Manila, Philippines (CNN) -- Anger mounted Tuesday as police in the Philippines acknowledged mistakes in a hostage rescue effort that ended with the deaths of eight people on a tourist bus.
Police shot and killed the gunman, former police officer Rolando Mendoza, who was apparently upset at having lost his job. He held hostage a busload of tourists from Hong Kong on Monday and according to witnesses, he was willing to cooperate before he was shot dead.
In Hong Kong, flags flew at half-staff and radio talk shows were abuzz with criticism of authorities in the Philippines. The word "incompetent" was repeatedly heard.
The deadly standoff unfolded live on television, which the gunman was able to watch on a monitor on the bus.
"We do not want to pass sweeping judgment or make early conclusions except to say that our intention to peacefully end this hostage drama was spoiled when the hostage-taker suddenly exhibited violent behavior and began shooting the hostages," Philippine National Police Chief Director General Jesus A. Verzosa said in a statement.
National police said officials have already noted "some observations and defects during their close monitoring of the unfolding events."
The statement did not provide details, but listed "poor handling of the hostage negotiation," "inadequate capability, skills, equipment and planning of the assault team," "improper crowd control," "inadequate training and competence of assault team leader," and "non-compliance to media relations procedures in hostage situations."
Survivors were scheduled to leave the Philippines on Tuesday as officials and family members called on authorities to investigate.
"The investigation has got to find out, what was the turning point? What happened?" Philippine National Red Cross Chairman Richard Gordon told CNN on Tuesday.
It was a dark moment for President Benigno S. Aquino III, who was elected by a landslide last spring with a promise to restore the nation's reputation. He declared a national day of mourning Wednesday.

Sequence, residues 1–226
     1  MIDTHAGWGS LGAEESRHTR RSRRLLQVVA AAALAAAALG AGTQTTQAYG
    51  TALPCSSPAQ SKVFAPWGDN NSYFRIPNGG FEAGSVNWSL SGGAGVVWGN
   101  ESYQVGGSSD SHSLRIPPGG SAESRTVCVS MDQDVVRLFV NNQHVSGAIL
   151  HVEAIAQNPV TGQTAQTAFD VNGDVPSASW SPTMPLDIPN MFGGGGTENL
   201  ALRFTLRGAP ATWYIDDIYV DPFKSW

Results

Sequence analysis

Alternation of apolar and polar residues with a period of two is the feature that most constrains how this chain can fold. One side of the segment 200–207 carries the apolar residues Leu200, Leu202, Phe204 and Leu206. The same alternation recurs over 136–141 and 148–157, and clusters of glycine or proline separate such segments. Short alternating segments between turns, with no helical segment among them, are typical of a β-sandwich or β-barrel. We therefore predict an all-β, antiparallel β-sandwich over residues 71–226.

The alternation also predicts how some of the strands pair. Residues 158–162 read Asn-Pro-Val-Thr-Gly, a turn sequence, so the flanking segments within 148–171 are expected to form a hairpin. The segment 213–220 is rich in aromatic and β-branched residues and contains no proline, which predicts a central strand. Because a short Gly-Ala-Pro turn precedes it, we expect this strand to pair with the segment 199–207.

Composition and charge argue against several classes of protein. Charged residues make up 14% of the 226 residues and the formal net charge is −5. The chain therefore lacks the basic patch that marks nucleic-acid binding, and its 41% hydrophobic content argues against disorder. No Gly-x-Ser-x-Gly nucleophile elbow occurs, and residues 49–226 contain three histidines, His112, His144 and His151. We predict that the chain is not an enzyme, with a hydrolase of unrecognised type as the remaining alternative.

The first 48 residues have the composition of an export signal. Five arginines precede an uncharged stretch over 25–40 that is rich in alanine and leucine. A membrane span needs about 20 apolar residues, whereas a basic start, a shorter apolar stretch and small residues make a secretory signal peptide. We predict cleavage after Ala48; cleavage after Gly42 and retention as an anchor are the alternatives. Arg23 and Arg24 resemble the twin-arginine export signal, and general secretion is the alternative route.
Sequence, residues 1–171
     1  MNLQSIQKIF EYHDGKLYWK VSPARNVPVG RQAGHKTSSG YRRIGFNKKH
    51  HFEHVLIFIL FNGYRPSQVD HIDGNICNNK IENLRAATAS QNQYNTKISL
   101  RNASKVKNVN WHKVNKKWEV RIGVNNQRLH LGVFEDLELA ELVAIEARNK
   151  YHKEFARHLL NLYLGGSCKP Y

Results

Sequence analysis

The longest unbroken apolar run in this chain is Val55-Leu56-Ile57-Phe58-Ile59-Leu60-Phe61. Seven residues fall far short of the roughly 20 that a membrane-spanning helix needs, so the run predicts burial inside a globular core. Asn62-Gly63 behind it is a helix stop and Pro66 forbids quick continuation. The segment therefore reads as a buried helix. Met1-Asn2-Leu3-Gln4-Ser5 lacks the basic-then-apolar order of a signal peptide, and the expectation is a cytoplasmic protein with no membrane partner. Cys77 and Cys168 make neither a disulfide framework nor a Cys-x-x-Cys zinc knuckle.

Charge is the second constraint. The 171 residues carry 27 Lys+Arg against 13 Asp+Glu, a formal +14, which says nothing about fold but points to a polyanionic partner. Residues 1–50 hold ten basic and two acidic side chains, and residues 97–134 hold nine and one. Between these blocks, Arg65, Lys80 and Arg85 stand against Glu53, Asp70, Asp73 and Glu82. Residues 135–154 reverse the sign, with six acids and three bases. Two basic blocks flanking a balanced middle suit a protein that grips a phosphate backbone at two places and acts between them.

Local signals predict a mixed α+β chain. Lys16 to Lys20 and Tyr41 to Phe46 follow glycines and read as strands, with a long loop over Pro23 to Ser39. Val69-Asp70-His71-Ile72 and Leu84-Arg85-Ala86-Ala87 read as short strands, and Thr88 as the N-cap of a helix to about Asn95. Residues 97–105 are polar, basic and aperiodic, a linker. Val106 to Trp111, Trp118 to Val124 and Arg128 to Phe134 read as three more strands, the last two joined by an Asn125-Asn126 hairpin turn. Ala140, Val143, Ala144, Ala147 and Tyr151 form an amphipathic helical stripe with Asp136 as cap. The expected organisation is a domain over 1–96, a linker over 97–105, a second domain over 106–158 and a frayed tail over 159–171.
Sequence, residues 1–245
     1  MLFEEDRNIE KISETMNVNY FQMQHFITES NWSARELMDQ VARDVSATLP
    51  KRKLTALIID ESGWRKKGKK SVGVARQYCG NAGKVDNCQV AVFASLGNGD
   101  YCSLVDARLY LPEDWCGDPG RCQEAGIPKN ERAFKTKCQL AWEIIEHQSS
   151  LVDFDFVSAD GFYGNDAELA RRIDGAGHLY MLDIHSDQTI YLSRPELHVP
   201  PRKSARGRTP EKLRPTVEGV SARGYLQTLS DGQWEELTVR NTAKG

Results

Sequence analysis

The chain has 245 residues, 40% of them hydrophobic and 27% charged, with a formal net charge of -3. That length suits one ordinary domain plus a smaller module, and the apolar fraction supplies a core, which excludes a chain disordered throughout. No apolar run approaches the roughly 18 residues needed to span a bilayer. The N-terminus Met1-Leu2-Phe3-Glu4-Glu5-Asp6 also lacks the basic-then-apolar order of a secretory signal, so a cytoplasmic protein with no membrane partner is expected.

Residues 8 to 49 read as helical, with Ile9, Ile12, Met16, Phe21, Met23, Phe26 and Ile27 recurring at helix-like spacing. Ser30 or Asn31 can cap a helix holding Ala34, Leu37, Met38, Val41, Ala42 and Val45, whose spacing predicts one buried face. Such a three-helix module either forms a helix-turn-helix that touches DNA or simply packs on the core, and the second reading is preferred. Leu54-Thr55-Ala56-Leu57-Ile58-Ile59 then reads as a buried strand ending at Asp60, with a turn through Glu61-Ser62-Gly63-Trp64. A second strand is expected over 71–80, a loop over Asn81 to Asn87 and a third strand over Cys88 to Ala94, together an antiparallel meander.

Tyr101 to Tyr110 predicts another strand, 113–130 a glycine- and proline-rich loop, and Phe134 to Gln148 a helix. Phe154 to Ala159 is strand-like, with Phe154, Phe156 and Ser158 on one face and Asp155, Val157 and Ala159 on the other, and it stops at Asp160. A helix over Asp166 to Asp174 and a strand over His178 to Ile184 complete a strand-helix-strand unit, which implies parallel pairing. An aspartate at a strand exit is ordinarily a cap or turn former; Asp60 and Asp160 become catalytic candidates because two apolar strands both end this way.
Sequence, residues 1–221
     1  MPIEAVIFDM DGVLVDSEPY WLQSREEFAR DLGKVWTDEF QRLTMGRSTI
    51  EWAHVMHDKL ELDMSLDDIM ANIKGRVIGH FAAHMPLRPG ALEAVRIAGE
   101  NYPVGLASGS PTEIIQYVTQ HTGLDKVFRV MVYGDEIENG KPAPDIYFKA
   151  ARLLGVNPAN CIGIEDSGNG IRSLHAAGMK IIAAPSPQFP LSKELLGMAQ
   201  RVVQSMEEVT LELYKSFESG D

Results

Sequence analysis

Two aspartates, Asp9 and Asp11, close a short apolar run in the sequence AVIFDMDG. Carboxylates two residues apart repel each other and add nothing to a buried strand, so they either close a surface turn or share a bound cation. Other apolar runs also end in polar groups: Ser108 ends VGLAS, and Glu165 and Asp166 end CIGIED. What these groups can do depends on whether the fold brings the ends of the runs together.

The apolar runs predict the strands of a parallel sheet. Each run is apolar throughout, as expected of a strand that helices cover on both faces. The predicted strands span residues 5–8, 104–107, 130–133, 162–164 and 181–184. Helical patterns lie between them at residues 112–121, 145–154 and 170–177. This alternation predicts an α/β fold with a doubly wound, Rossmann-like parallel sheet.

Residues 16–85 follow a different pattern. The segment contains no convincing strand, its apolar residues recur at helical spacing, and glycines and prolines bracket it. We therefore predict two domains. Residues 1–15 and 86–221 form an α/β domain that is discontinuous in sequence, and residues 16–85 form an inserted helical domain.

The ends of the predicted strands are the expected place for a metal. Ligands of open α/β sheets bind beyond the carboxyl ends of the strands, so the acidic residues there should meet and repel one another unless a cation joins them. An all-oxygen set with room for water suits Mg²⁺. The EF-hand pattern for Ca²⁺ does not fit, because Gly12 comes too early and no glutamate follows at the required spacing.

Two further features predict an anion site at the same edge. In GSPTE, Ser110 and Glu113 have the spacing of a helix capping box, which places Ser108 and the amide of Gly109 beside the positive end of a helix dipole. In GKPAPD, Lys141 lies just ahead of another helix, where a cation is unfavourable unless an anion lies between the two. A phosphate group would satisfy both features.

Gordon told CNN that interviews with survivors have revealed that the situation inside the bus changed dramatically toward the end of the 10-hour standoff.
"Apparently the man went berserk. He was telling everybody he was not going to harm [them]. ... He said that nobody's going to get harmed. He said that he was probably going to die, but not the hostages," he said.
A woman who was on the bus told reporters her husband was killed when he tried to stop the gunman.
"My husband was very brave. He rushed out from the back of the bus to try to stop the killer," said the woman, who identified herself as Alicia Leung.
She told reporters that she pretended to be dead in order to survive.
"Why did authorities not rescue us? There were so many of us on the bus. Why did no one come to rescue us? It is so cruel," she said.
In Manila, Aquino said he had ordered an investigation and would wait until it is completed before deciding whether anyone should lose his or her job.
In Hong Kong, officials and residents questioned how Filipino authorities had handled the hostage situation.
"This is a serious blow to Hong Kong people. We all feel very devastated," Hong Kong Chief Executive Donald Tsang told reporters Tuesday, saying that the government would soon announce community mourning events.
Four men and four women were killed in the standoff, authorities in Hong Kong said. One passenger was critically wounded and six others were hospitalized with less serious injuries after the 10-hour standoff erupted into gunfire, Tsang said.
The Hong Kong-based tour guide was among those who died, Hong Thai Travel said in a statement. Some of the victims were insured and would be compensated, the travel agency said.
The gunman released nine of the hostages, including a mother and her three children, a man with diabetes, and two photographers. The bus driver also escaped.
The British Foreign and Commonwealth Office said Tuesday that two of the released hostages were British nationals.
Manila police official Leocadio Santiago told CNN that Mendoza's family members spoke with him early in the standoff and that he appeared "very reasonable and very psychologically stable."
Mendoza was a decorated police officer, winning several accolades. But his career spiraled downward when he was dismissed a year ago for extortion, Manila Vice Mayor Ikso Moreno said, and he wanted his motion for reconsideration to be heard.
"He felt that it was being neglected," Moreno said. "So he went on hostaging a bus full of foreign individuals. So when we talked to him this afternoon, that's what he wanted."
Moreno said that Mendoza's brother was arrested because he was "guilty of conspiring with his brother" and allegedly helped instigate the shooting.
Gordon said the brother's arrest may have pushed the gunman over the edge.
"When he saw his brother getting accosted by the policemen, he went berserk and he started firing," he said.
CNN's Sarita Harilela and journalists Constance Cheng, Maria Ressa and Arlene Samson-Espiritu contributed to this report.